However I would question the whole "there are some people who can't stay home because they can't afford it" thing.

I know a lot of families who don't find it easy to get by, but they have made decisions to stay home, or work for community organisations. Similarly, I know people who work full time because they feel they can't afford to stay at home - but from where I sit (which is as a single woman with no kids!) it looks to me like they "can't" afford to stay at home because they've made certain choices about schooling, housing, lifestyle...I don't feel that it's fair to my friends who've made immense financial and lifestyle sacrifices in order to stay home, or to work for NGOs, to say that other's "can't afford" to do the same.

And Dan - I totally agree with you about the choosing not to have kids thing. I also think that we as a society have lost out big-time because we've regarded kids as possessions rather than little people - I have friends who've chosen not to have kids, or can't have kids, but love to be around kids, but they don't get much opportunity to do that because of the breakdown in community, shared responsibility etc...

Anonymous said...

Yeh I agree with you Rev.

In many ways its a huge tragedy that the role of a mother was so hugely discredited in the whole women's lib thing. It was a bit of a baby with the bath water thing I reckon. My mum was a stay at home when we were at school - and I so hugely appreciate that she was there for me everyday when I got home. I think especially since I had such a hard time at school.

The facts are though that it is very hard to survive these days on one income. With out being sexist at all I think that with women going out to work it just changed society to actually need 2 incomes to live now instead of one.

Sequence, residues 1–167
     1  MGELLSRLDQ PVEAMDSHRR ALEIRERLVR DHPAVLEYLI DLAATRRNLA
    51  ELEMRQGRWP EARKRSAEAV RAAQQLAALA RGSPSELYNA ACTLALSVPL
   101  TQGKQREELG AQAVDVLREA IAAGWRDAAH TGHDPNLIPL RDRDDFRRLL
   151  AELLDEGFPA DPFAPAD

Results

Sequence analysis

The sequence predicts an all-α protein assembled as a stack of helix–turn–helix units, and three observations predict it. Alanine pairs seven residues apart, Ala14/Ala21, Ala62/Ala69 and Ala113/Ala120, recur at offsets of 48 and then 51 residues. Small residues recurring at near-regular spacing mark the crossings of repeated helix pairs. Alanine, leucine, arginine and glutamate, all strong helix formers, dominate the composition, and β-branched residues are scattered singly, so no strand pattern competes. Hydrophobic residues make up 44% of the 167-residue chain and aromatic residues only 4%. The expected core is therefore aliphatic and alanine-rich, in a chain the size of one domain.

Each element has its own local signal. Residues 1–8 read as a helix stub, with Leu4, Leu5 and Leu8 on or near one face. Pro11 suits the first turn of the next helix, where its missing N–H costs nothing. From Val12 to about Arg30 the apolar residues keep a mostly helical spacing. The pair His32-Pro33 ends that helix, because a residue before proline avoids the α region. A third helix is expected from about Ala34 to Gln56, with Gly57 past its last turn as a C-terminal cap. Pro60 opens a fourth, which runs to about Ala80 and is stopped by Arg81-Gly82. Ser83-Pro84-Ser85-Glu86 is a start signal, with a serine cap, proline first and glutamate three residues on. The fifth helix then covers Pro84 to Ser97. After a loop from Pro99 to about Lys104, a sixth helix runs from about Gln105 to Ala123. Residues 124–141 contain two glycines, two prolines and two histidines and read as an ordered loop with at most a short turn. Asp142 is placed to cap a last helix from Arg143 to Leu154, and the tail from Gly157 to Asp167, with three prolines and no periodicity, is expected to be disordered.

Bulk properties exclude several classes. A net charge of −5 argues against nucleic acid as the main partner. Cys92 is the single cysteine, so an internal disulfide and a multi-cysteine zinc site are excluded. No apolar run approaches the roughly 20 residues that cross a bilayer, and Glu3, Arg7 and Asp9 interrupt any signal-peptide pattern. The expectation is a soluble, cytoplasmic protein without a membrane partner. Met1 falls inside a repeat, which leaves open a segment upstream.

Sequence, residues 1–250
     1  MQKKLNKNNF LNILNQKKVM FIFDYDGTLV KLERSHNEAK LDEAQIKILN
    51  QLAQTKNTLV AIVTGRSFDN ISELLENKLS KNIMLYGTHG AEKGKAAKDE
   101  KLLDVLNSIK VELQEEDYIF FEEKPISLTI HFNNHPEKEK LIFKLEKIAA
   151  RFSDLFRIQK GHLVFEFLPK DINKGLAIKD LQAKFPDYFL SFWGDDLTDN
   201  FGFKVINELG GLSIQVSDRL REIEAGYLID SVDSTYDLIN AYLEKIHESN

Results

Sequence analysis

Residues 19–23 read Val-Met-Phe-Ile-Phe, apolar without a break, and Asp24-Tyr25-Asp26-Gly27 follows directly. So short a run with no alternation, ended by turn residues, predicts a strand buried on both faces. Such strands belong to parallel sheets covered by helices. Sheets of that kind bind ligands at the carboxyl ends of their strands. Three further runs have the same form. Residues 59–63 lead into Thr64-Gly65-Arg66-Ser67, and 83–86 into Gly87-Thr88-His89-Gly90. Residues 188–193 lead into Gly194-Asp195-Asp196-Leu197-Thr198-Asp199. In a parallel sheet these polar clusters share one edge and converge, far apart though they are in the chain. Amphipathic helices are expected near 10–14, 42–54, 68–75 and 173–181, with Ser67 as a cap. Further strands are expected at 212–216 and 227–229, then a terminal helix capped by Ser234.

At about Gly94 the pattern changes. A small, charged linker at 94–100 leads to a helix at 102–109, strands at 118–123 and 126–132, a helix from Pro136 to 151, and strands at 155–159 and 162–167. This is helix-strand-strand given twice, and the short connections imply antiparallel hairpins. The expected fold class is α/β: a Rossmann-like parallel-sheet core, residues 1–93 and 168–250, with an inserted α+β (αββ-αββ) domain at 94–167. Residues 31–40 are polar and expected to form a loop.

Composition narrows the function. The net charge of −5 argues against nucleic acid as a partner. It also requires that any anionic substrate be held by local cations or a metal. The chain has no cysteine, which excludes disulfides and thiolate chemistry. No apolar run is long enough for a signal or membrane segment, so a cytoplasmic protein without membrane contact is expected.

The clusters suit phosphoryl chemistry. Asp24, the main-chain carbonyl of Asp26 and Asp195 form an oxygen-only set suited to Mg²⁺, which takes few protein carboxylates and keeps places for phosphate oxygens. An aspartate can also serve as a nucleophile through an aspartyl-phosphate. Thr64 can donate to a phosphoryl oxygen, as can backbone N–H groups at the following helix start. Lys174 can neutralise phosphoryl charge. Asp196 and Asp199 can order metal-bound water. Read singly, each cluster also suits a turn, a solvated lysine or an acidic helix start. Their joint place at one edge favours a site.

My wife and I live very modestly - actually in a one bedroom unit with our 7 yr old - and we could not afford to maintain our current lifestyle if we just had my income.

So it's not like her income is being blown at restaurants etc.

urbanmonk said...

I grew up in a single parent family in Adelaide in the seventies. My mother worked illegally for my grandfather because the single mothers pension back then was a pitance. I caught the bus to school with my mum, caught it home on my own, jumped the back fence, ( i had my own key) let myself in and made myself an afternoon snack, sat myself down in front of the box, and watched cartoons. Life was bliss! I am an alcoholic now, but thats another matter!

john jensen said...

let me say, just for the sake of being perfectly clear:

I greatly admire those amazing parents that work their fingers to the bone, to support and care for their children. And have no greater desire than to spend time with their kids, except maybe to feed and clothe them.

the rev